Province's newest chief justice calls for modern technology in courtrooms
Tracey DeWare will encourage more use of court videoconferencing and electronic filing of documents
The new chief justice of the Court of Queen's Bench says she hopes a new wave of younger judges will be open to her push to take advantage of modern technology in the court system.
Tracey DeWare was named to the top administrative role on the court this week by Prime Minister Justin Trudeau. As chief justice, DeWare will still hear cases but will devote about half her time to administering the court by managing the caseload and assigning judges to cases.
DeWare, 49, has been a Court of Queen's Bench justice since 2012 and is bilingual. She takes over from former Chief Justice David Smith, who hung up his robes in March when he reached the mandatory retirement age of 75.
The federal government also appointed three New Brunswick lawyers to fill three other vacancies on the same court: Christa Bourque and Robert Dysart of Moncton and Arthur Doyle of Saint John.
Push for change
DeWare says she and the three new judges are all roughly the same age and that will make it easier for her to push the Court of Queen's Bench to embrace new technological tools.
"We really have had quite a bit of renewal over the course of the last couple of years. These three new additions just add to that," she said in an interview.
"Now in the judiciary, you're drawing on people who in their [law] practices have had to evolve to 2019 already, to a certain extent. It becomes much easier as we try to revise our work on the court that you have people who are already halfway there."
Cameras in the courtroom could really demystify our system and be a wonderful educational tool.- Tracey DeWare, Court of Queen's Bench chief justice
DeWare says she'd like to see the court allow the electronic filing of legal documents, which would simplify the process and save money. "It's nonsensical that we wouldn't do that," she said.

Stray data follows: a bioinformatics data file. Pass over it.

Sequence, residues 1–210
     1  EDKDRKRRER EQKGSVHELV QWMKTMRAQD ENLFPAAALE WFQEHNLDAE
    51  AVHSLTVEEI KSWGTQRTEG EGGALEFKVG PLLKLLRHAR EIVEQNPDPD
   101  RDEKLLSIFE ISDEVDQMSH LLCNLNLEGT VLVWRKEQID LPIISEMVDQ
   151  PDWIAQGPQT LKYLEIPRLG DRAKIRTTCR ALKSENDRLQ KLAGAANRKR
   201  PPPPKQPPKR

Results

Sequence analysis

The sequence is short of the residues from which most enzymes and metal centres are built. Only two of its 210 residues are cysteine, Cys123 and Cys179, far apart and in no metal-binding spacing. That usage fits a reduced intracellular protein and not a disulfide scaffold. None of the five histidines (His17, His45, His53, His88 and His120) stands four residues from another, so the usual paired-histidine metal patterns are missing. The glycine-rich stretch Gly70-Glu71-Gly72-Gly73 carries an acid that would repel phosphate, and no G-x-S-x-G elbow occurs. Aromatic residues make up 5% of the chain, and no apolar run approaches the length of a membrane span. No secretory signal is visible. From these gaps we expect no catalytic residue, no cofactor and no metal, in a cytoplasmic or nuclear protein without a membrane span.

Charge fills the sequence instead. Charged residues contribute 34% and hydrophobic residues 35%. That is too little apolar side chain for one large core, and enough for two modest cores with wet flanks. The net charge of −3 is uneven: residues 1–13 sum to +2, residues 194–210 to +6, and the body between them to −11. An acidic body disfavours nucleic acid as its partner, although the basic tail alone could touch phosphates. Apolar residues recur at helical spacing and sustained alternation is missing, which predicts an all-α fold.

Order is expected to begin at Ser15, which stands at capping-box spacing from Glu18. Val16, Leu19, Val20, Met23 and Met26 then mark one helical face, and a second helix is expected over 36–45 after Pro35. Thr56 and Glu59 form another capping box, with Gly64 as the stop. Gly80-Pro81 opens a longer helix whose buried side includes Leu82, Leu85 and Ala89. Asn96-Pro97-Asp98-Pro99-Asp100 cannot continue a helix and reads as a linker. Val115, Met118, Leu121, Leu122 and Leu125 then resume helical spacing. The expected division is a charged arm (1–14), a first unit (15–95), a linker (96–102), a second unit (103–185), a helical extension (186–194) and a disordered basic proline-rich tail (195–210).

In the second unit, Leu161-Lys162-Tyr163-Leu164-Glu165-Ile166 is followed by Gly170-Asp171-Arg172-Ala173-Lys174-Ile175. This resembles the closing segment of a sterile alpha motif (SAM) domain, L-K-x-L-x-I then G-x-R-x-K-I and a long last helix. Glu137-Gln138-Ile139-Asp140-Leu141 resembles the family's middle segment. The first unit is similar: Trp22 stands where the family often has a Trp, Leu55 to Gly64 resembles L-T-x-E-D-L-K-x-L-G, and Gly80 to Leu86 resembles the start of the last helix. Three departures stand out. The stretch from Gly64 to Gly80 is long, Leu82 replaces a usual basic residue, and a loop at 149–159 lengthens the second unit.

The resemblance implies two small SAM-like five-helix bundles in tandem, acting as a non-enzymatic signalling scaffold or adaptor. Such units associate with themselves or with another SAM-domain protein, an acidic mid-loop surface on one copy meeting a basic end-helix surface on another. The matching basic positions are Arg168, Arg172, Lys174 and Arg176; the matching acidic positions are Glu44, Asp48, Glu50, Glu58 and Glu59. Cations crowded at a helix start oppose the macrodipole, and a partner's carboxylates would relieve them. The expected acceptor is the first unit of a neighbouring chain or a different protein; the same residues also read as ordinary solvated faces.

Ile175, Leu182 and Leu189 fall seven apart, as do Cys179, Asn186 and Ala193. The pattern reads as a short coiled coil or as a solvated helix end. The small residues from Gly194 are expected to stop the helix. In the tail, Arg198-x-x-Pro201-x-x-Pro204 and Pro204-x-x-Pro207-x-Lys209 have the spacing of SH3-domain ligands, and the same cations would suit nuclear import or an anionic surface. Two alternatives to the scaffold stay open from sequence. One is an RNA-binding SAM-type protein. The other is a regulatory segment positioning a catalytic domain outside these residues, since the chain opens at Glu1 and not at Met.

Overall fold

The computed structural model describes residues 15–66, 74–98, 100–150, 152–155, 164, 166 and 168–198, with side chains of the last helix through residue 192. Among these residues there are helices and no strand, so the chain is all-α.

She will also encourage greater use of existing court rules that allow people to testify or appear in court via videoconference.
That would make it easier and less expensive for expert witnesses, or a parent in a custody case who is working in another province. The system already allows it "but we really haven't exploited that, I don't think, as much as we can."
Openness is cornerstone of justice system
DeWare says she'd also like to move toward allowing cameras in courtrooms. The New Brunswick Court of Appeal has allowed it in a very small number of high-profile appeals, and DeWare says it makes sense to broaden it.
"The courts are open," she said. "They're open to the public. That's a cornerstone of our justice system, and cameras in the courtroom could really demystify our system and be a wonderful educational tool."
DeWare's predecessor spent the last two years of his tenure in a dispute with the previous Liberal government over changes to the Judicature Act which took away his unilateral power to transfer Court of Queen's Bench judges to a different location.
The Liberal amendment to the law gave the provincial justice minister a veto, which Smith called an infringement on the independence of the courts.
DeWare didn't say whether she agreed with Smith but said she doesn't plan to press the issue with the provincial government.
"There's a law in place that must be followed," she said. "We will deal with that the first time the issue arises, but that's not something certainly that's on my priority list."